Causes of Wrist Pain
Repetitive strain injuries of the wrist are highly common and caused by doing the same activity repeatedly until it harms you such as typing on a computer at work to gardening — they can all cause a repetitive strain injury if you done too often or without the strength to sustain it.
Injuries to the ligaments of the wrist through falls or sports injuries are called 'Wrist Sprains'. They are usually quite painful and can often present with swelling, bruising and reduced movement. Some types of wrist pain can build up over time.
All about Wrist Pain
Types of Wrist Pain
- Wrist tendinitis (tendonitis): This is inflammation in the tendon tissues of your wrist. These connect the muscles of your forearm to bones in your hand. Injury or overuse of the tendons can result in a 'Wrist Strain'.
- De Quervain’s tenosynovitis: This is the most common cause of wrist strain and develops from inflammation of the tendons of the thumb, typically occurring from repetitive strain or overuse. It is often referred to as "mother's thumb" because there is an increased risk of parents developing de Quervain's tenosynovitis from repetitive lifting and carrying of children. Symptoms include pain, tenderness, and swelling at the base of the thumb. It can be sore to bend the thumb tip and move across the palm.
- Carpal tunnel: Carpal tunnel is another highly common condition affecting the hand and wrist. This often presents as pain, numbness, tingling and weakness of the hand and wrist. It is caused by increased pressure within the wrist on the 'median nerve' which mainly provides sensation to the thumb, index and middle fingers. Your risk of developing Carpal tunnel increases with age. There are certain factors and movements that have been shown to increase risk such as hammering, overuse, pregnancy, excessive wrist movements or exposure to vibration.
- Fractures: Wrist injuries often occur when you fall forward onto your outstretched hand. A scaphoid fracture involves a bone on the thumb side of the wrist. This type of fracture may not show up on X-rays immediately after the injury. It is important to follow up on investigations as it may require surgical intervention.
- Osteoarthritis: In the wrist is uncommon and usually occurs only in people who have injured that wrist in the past. This type of arthritis occurs when the cartilage that cushions the ends of the bones deteriorates over time.
- Rheumatoid arthritis: This is a disorder in which the body's immune system attacks its own tissues, rheumatoid arthritis commonly involves the wrist. If one wrist is affected, the other one usually is too.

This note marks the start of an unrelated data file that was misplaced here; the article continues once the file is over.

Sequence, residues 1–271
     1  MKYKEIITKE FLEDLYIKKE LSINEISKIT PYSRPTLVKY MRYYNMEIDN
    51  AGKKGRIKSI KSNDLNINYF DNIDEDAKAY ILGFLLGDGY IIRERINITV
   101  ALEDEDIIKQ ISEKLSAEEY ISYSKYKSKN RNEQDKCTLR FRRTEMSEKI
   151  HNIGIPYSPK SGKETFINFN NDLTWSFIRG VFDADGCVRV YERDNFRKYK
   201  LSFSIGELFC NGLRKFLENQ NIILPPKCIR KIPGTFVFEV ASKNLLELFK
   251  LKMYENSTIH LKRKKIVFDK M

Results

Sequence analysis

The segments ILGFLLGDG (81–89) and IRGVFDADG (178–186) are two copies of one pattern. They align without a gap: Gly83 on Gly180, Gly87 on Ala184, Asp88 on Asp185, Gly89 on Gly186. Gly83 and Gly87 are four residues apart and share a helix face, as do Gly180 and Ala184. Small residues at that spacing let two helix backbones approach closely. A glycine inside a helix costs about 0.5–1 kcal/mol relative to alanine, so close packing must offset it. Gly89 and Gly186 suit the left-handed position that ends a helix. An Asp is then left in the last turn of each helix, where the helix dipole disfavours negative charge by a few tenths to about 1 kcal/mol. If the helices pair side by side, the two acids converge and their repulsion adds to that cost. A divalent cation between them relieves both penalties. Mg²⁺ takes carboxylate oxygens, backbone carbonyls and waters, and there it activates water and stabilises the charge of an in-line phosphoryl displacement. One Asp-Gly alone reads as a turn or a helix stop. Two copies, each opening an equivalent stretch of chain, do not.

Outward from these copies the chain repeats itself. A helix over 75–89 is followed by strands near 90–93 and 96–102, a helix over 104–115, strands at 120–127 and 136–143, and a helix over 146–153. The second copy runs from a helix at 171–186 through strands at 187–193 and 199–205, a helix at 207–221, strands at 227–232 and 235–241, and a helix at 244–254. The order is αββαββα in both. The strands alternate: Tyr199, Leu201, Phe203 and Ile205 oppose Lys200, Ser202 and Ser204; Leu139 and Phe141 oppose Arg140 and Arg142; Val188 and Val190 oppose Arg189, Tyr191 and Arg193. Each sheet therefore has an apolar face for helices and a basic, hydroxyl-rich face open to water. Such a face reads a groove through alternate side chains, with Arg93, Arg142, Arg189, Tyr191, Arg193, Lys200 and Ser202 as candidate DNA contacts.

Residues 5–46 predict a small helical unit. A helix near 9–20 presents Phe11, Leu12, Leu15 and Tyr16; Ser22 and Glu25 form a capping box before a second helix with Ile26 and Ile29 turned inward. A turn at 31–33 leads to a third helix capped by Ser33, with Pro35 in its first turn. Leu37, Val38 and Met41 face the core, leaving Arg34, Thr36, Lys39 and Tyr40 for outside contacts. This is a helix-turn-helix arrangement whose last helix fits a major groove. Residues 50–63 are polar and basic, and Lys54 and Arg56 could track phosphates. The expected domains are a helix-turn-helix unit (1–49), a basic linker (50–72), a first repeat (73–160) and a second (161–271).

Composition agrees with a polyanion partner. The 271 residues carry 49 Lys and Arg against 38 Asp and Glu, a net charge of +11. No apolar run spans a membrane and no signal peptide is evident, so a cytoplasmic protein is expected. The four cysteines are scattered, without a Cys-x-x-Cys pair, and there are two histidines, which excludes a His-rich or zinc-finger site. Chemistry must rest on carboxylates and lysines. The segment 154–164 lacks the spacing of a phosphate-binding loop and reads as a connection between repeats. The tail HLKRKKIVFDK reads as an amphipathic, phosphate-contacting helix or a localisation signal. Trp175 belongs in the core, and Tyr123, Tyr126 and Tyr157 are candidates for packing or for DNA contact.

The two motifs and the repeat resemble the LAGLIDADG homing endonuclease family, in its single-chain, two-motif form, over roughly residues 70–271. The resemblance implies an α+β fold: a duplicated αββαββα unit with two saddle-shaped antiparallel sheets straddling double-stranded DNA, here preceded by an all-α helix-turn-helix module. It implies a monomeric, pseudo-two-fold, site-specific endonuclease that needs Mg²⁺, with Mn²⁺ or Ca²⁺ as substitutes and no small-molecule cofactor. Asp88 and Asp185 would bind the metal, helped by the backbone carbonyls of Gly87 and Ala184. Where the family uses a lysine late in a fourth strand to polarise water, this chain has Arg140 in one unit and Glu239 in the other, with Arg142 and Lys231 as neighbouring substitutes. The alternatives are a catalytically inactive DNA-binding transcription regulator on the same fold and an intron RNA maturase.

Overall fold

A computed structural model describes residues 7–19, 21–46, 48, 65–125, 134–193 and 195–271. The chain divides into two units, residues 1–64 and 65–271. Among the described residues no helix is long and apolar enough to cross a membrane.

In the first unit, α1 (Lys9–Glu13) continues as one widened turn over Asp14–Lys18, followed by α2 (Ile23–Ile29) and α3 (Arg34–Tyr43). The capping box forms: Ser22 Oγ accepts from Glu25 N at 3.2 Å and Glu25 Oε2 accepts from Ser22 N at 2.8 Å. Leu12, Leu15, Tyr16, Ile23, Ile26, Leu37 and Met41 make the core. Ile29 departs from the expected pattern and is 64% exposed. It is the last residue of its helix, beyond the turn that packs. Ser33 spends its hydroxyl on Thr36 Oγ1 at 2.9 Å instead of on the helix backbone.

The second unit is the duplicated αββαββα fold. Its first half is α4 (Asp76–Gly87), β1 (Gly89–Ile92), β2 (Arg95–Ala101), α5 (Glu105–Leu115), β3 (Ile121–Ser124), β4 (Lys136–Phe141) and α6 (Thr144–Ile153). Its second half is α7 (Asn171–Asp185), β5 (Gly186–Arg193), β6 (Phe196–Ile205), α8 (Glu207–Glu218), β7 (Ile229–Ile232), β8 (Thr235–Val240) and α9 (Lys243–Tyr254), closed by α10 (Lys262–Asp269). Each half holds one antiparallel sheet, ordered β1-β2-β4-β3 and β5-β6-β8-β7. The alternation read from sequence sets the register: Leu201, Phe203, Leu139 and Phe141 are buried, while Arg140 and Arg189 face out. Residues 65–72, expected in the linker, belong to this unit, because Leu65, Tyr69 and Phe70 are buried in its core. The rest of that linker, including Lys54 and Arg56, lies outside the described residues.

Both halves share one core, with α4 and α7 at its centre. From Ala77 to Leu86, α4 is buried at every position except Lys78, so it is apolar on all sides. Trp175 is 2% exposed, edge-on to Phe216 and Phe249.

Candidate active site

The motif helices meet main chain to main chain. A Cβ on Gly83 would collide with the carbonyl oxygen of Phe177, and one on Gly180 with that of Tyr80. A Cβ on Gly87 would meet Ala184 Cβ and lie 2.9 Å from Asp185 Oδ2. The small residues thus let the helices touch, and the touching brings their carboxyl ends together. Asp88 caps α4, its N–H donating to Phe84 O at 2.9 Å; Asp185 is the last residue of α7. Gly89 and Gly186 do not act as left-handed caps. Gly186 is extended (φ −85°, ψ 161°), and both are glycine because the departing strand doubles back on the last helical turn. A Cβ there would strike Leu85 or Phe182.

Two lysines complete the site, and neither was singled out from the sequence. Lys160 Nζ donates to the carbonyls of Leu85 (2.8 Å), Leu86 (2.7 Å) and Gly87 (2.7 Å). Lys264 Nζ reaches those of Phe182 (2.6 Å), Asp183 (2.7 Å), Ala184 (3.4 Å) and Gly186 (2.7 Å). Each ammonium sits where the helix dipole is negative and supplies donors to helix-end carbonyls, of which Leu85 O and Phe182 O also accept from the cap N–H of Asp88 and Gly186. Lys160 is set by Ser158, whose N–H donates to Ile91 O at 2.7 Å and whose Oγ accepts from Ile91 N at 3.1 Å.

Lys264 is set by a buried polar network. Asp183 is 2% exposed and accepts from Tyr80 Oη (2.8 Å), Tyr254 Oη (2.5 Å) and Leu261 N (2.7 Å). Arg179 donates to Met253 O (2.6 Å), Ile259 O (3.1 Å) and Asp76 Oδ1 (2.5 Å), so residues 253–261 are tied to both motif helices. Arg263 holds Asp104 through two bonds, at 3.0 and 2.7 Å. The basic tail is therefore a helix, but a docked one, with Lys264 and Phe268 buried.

- Ganglion cysts: These soft tissue cysts occur most often on the part of the wrist opposite the palm. Ganglion cysts may be painful, and pain may either worsen or improve with activity.
Symptoms of Wrist Pain
Symptoms are often swelling, stiffness, pain on moving the wrist and instability. It often affects your ability to use the hand so grip strength can be impaired.
Wrist Pain Treatment
- Medication: Seek appropriate pain relief to reduce discomfort and allow for more mobility exercises.
- ICE! Such as a bag of frozen peas wrapped in a towel, against your wrist for a few minutes several times a day can help ease the pain.
- HEAT! Or try heat: a warm pack on the wrist for twenty minutes a few times a day can ease stiffness and soreness and help to relax the muscles.
- MODIFY! Try to reduce aggravating activities or look to improving posture and techniques.
Watch the PBG information class on wrist pain then try the QuickFix exercise class to learn how to stretch and strengthen your wrist, to improve function.
Free Class: Quick Fix for Wrist Pain
If you use a computer for work check your posture set up: changing your hand position during repetitive motions can reduce stress on the wrist that's causing pain. This could be achieved by lowering the keyboard to reduce upward wrist position when typing or train your non-dominant hand to be the 'mouse hand'.
Try to take regular breaks from typing and use a wrist rest with your keyboard, mouse or trackpad.
Contact your healthcare provider if your wrist pain is worsening, recurring or has become chronic in nature.
Some signs of acute or chronic wrist pain:
- You can’t move your hand, wrist or fingers.
- Painful tingling in your wrists or forearms.
- Discoloration or swelling in your forearms, wrists, hands or fingers.
- Wrist pain that continues two weeks after you have started treatment.